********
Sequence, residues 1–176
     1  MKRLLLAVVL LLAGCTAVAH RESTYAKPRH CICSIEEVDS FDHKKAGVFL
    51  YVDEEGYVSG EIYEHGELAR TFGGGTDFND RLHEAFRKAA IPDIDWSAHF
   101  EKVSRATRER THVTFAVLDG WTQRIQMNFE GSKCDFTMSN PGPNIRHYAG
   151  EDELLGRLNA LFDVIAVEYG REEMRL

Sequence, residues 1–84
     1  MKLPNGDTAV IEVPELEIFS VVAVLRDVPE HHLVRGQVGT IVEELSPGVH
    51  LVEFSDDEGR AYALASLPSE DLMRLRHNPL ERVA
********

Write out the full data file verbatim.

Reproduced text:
Sequence, residues 1–176
     1  MKRLLLAVVL LLAGCTAVAH RESTYAKPRH CICSIEEVDS FDHKKAGVFL
    51  YVDEEGYVSG EIYEHGELAR TFGGGTDFND RLHEAFRKAA IPDIDWSAHF
   101  EKVSRATRER THVTFAVLDG WTQRIQMNFE GSKCDFTMSN PGPNIRHYAG
   151  EDELLGRLNA LFDVIAVEYG REEMRL

Sequence, residues 1–84
     1  MKLPNGDTAV IEVPELEIFS VVAVLRDVPE HHLVRGQVGT IVEELSPGVH
    51  LVEFSDDEGR AYALASLPSE DLMRLRHNPL ERVA